At first glance, Valdez seems like exactly the sort of fighter the UFC should be signing. He’s 10-0 and all of those wins have come by finishes, and he trains in one of Mexico’s top camps, Entram Gym. However, his competition on the regional scene has been pretty weak and has rarely provided much of a test, and while his Contender Series fight was exciting and ended with a big KO win, it also highlighted plenty of holes in his game that could be problems against better opponents.
Valdez is a strong boxer who has also learned good wrestling skills, as was shown in some of the takedowns and cage work he engaged in at the start of his DWCS bout against Alaskan can-crusher Patrik White (9-1). He’s won plenty of fights with ground and pound and also has some decent chokes on his record, so it looked like he was going to take the path of least resistance and work his way to a relatively easy win through grappling. However, White started throwing wild haymakers whenever he found a little bit of space and Valdez got drawn into an all-out brawl, where both men essentially threw defense out the window in order to land huge shots on one another. The pace they set and the power in each swing saw both fighters gassed by the end of the first round, but Valdez recovered much better between rounds and was able to pick up a TKO win early in the 2nd round thanks to a powerful overhand right and some ground and pound.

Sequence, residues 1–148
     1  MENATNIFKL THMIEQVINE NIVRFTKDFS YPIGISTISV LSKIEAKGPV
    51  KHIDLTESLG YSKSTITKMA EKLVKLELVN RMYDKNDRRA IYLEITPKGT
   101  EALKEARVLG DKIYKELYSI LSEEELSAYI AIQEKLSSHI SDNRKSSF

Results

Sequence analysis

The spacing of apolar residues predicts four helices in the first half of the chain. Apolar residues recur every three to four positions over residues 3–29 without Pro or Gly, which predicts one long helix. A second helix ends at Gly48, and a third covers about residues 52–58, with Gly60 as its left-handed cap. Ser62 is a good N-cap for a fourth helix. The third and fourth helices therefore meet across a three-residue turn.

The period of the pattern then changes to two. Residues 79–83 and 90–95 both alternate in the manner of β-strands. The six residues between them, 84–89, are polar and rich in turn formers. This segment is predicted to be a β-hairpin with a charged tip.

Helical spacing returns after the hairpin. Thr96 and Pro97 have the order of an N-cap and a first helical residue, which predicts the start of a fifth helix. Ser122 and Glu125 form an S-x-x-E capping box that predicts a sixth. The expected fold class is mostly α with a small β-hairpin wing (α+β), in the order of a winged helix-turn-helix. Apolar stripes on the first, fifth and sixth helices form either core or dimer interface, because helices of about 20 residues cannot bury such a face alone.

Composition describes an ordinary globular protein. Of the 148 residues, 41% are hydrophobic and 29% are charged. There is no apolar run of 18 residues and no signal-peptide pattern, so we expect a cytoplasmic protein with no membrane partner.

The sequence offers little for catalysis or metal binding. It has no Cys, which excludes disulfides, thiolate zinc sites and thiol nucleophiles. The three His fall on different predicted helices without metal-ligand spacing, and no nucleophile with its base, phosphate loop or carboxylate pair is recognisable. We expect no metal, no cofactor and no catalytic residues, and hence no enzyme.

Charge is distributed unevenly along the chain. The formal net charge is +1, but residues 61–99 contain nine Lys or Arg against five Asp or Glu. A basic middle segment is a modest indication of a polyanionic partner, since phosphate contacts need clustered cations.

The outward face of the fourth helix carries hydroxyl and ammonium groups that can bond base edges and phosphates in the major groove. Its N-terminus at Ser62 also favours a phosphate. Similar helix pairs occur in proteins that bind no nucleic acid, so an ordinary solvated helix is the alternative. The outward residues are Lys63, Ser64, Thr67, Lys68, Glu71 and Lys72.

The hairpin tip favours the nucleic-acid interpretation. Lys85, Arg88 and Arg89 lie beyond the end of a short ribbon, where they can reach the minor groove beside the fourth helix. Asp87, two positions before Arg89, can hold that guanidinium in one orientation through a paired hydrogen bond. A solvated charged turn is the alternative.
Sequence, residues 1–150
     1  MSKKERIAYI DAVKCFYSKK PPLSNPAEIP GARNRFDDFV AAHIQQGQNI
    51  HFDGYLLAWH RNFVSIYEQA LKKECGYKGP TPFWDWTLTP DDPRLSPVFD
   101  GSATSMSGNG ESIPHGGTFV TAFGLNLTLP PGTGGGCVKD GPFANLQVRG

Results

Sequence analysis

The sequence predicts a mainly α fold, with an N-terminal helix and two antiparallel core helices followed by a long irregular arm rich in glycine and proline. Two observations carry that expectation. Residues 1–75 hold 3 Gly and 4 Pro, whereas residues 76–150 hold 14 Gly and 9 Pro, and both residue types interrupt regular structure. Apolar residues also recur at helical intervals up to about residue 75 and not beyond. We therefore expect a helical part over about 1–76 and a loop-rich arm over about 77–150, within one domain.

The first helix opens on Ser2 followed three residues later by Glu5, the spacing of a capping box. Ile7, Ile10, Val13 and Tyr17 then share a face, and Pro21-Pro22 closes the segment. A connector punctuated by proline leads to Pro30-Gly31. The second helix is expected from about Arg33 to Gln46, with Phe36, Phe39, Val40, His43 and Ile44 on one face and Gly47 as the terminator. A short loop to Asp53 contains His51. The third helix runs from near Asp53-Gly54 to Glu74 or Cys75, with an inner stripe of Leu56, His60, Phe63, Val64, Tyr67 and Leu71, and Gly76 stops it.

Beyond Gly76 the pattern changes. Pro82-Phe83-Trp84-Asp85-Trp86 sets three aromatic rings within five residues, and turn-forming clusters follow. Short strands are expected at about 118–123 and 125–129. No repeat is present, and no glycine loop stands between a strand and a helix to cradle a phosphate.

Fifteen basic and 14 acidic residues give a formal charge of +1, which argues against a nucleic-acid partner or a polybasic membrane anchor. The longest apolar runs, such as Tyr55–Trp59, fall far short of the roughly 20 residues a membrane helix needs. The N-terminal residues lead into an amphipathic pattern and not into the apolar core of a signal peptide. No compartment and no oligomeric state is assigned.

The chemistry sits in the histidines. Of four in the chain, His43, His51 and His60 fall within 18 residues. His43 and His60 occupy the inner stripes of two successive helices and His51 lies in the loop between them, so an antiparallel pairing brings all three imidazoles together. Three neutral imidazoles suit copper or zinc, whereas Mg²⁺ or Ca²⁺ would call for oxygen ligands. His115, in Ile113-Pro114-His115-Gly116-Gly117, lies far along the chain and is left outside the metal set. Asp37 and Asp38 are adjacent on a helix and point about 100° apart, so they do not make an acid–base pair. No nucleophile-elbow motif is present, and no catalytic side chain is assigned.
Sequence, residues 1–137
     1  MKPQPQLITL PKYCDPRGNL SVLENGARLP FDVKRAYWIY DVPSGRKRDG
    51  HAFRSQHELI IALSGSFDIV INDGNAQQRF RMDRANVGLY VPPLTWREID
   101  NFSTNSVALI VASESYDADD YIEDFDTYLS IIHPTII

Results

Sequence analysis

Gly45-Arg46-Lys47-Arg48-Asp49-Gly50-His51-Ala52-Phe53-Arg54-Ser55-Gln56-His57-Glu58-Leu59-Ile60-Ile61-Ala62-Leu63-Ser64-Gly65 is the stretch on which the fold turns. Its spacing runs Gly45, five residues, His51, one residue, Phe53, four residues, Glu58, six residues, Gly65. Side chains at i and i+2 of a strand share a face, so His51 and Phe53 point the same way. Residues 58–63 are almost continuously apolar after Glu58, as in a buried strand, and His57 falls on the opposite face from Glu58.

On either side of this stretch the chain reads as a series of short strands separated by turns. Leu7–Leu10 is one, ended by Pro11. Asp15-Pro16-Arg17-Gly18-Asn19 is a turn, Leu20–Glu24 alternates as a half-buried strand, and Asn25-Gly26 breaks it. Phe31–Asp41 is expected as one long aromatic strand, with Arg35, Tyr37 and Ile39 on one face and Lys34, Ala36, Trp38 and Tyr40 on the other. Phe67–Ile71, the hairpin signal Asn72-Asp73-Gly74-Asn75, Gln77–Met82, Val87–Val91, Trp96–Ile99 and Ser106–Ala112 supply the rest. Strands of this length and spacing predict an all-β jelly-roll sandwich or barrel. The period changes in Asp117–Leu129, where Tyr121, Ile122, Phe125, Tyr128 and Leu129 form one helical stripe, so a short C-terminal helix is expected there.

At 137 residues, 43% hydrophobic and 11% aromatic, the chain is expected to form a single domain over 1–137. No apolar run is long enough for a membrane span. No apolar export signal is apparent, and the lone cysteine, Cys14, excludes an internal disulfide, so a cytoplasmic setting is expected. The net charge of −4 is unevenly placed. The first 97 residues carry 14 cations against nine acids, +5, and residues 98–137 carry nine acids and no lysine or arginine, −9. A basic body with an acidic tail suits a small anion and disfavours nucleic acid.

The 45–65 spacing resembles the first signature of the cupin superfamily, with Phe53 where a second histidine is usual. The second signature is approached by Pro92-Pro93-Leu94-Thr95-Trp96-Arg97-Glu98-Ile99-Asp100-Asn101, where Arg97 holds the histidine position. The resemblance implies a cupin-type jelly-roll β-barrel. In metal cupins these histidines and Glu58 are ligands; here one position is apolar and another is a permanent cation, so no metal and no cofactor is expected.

While it was exciting to watch and earned a standing ovation from Dana White, it was hardly a technical affair, which raises some questions about whether Valdez’s striking will hold up against UFC talents. His willingness to brawl against someone who was clearly a worse grappler also makes me question his fight IQ, and while anyone would have been tired after the first round of that fight, it also showed that his gas tank is average at best. He looks better in some of his other fights, but his opponents were all so much lower-level than anyone he will face in the UFC, so its hard to read too much into those performances. Matt Frevola is a good first test for Valdez, as he’s shown in his UFC tenure that he has the wrestling credentials to cause problems for unprepared opponents but is far from the most threatening member of the lightweight division in terms of KO power. I have Valdez losing a decision in this one, and he hasn’t shown me enough to make me think that he’ll ever develop into something more than an exciting prelim-level fighter in the UFC.
Out Within 1-2 Years
A Mainstay Through the Years